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Pork is good for you: protein, fats, minerals, vitamins - all good things and nutritionally dense.

For your heart they talk about having too much Omega-6 fatty acids being a problem. That comes from grain feeding animals. Pastured animals eat a lot of plants which produces high Omega-3 fatty acids - the kind that is good for your heart. Pasture grasses, clover and other forages make up the majority of our pig's diet. Outdoor pigs also have higher Vitamin D content in their fat.

Don't let the anti-fat people confuse you. We need fat in our diet and not all fats are the same. There are plant based and animal based fats that are good for you and others that are bad for you.

For documentation, Google and you'll get plenty of conflicting views.
 
Adam Klaus
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Pasture raised pork is not bad for you, but I think there are more nutritious choices in meat. The Bible wasnt wrong about everything.

100% grassfed beef or lamb is going to be more nutritious for you than any pork. Why? Because of the superior digestive system of a grazing ruminent.

IMHO, fat is the most important part of a nutrient dense diet. The origin of the fat is critical, and must come from good sources. Feedlot fat is gross, unhealthy, and tastes poor. In contrast, fat from naturally grazing ruminents, or wild harvested fish, is a totally different food, a superfood in my opinion. Like Walter said, do some research and see all the conflicting viewpoints, find what seems right to you.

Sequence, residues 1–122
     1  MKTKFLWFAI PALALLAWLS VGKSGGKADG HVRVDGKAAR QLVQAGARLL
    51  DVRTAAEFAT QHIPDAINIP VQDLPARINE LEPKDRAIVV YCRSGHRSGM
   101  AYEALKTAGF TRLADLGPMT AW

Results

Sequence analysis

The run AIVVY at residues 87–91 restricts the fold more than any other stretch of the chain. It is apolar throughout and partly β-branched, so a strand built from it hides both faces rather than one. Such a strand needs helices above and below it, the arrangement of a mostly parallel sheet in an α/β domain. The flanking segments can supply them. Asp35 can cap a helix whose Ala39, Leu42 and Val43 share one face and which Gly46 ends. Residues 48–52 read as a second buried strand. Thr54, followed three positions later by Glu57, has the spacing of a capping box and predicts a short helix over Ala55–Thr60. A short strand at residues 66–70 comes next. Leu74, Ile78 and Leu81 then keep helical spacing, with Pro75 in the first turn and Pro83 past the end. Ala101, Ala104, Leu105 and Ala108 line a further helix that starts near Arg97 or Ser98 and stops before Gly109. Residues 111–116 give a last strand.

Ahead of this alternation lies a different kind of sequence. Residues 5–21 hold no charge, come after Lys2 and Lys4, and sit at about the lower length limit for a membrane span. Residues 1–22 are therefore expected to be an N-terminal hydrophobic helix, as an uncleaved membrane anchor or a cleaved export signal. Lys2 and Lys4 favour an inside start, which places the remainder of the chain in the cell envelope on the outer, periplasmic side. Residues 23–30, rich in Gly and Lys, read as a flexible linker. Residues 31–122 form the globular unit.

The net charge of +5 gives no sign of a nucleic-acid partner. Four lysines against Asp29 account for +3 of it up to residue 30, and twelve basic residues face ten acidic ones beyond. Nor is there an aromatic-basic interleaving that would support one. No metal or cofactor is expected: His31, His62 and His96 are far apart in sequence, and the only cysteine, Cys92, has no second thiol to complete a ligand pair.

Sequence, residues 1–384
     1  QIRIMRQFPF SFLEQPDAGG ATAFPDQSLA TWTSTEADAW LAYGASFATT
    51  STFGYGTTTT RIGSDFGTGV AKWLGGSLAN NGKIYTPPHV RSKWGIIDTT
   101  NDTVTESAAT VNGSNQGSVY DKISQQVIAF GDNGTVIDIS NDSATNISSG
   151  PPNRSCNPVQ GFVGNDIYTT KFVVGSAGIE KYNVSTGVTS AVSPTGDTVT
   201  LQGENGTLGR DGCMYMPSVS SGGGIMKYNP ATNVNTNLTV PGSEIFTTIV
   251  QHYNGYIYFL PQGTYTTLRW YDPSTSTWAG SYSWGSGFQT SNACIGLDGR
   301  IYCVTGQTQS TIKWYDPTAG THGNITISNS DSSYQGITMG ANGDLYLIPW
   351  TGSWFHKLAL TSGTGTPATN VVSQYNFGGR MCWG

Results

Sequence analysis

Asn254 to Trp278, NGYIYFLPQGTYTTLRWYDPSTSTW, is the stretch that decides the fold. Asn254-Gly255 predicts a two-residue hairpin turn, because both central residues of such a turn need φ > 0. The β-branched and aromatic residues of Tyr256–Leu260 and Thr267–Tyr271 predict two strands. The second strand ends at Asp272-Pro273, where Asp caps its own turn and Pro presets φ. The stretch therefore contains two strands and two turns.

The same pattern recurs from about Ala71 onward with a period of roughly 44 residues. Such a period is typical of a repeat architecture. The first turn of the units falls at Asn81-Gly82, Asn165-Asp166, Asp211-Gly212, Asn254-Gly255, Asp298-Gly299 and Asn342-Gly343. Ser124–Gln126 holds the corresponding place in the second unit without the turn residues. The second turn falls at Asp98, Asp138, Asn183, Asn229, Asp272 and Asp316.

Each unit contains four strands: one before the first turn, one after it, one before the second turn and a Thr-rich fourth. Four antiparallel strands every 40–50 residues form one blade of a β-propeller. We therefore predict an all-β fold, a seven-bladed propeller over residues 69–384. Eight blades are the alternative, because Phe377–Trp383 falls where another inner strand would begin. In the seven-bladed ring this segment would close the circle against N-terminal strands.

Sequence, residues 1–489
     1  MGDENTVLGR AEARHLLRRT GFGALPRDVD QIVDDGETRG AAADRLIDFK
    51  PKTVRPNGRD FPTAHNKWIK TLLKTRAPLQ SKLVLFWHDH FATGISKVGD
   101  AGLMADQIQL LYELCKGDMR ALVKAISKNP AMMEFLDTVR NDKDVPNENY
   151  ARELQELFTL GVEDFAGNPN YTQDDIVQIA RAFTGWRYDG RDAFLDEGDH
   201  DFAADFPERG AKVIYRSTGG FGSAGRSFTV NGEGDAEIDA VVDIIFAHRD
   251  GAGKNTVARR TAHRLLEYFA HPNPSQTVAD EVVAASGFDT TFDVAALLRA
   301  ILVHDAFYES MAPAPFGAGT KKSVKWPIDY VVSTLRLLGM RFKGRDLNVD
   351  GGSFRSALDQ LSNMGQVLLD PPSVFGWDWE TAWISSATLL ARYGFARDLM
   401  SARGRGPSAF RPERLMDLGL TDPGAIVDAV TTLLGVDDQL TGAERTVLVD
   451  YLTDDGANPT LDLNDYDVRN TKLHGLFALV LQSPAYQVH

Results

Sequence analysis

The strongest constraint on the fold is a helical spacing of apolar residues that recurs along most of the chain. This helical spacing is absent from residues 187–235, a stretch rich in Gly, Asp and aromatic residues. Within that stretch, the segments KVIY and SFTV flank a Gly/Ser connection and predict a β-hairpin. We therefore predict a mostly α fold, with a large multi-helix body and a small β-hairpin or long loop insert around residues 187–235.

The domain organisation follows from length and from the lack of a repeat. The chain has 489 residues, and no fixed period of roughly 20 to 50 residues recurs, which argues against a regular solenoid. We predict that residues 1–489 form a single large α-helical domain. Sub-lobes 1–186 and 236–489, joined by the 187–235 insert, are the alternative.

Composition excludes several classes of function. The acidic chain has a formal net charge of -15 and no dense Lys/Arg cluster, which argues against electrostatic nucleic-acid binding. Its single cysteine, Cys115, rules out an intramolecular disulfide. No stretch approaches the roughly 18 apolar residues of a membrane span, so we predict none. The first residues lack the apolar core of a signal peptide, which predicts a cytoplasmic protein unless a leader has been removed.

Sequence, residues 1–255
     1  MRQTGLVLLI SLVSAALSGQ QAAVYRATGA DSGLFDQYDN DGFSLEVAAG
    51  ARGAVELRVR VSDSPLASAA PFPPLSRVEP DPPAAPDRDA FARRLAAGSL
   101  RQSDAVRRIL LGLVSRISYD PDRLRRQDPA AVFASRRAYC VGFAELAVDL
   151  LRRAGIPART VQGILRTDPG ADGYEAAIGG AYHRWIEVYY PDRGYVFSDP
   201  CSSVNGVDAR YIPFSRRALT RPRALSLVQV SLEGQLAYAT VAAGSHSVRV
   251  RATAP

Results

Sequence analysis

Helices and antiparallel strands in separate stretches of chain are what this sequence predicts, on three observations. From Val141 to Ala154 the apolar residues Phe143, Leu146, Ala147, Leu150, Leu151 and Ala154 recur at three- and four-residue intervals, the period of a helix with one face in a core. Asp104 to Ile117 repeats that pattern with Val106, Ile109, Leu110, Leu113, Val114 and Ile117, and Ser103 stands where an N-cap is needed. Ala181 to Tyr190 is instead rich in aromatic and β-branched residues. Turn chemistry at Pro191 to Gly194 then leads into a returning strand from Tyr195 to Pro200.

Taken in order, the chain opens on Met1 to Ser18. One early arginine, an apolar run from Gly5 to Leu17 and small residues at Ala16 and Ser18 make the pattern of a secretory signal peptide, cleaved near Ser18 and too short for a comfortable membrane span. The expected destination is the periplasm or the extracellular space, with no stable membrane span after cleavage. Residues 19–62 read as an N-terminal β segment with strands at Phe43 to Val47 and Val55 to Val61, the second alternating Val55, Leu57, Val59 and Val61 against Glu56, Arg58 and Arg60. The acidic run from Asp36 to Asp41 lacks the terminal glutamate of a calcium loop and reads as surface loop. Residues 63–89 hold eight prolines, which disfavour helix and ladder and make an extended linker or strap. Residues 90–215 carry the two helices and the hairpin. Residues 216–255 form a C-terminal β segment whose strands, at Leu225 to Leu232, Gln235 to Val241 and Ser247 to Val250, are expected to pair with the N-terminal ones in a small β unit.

I myself have been most heavily influenced by the pioneering research of Weston A Price. He now has a foundation dedicated to teaching people about the benefits of traditional diets that are high in animal fats and fermented foods. That is where my diet has gravitated to, and I have never felt better or been healthier. Of course, ymmv.

 
Walter Jeffries
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Adam Klaus wrote:100% grassfed beef or lamb is going to be more nutritious for you than any pork. Why? Because of the superior digestive system of a grazing ruminent.


Superior digestive system? Herbivores? Hardly. Ruminants can't digest much besides a few forages. They tend to be specialized in those as well. Omnivores can digest just about anything. Pigs are omnivores. Our pigs primarily eat pasture which costs largely of grasses. They thrive on it. Contrary to myths cows and such are not the only ones who can eat grasses and such.

Being omnivores, pigs also eat a wide variety of other plants, grubs, roots, mice, snakes, wood (rotting logs, brush), leaves and just about anything else they can find. Herbivores die on high legume diets. Pigs thrive on high legume diets. (Legumes are things like clover which are high in protein - causes bloat and death in ruminants.)

I would not argue that one is the only thing to have, rather have a balance of animals and eat a balance of things in your own diet. But lets be clear, ruminants do not have a superior digestive system. It is limited.
 
John Polk
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There was a huge 'anti-fat' craze about a decade ago. Every other news broadcast had a feature on how bad fats were for your diet. This stigma still exists with many who have not followed up on the more recent research.

Almost every product that used to be a 'high fat' food has now come out with a 'low-fat' version, by popular demand. The sad thing is that most of these products replaced the removed fats with sugars to maintain 'palletability'.

True, if one spends 40 hours sitting behind a desk at work, then sits in front of the TV for 40 hours per week at home, their need for fats will be reduced from those of a more active lifestyle.

 
Adam Klaus
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Hi Walter, You're a pig guy, I'm a cow guy. We've both got our biases and our preferences, leave it at that. Nothing personal, on either side. Fwiw, I really respect how you raise your pigs, enough said.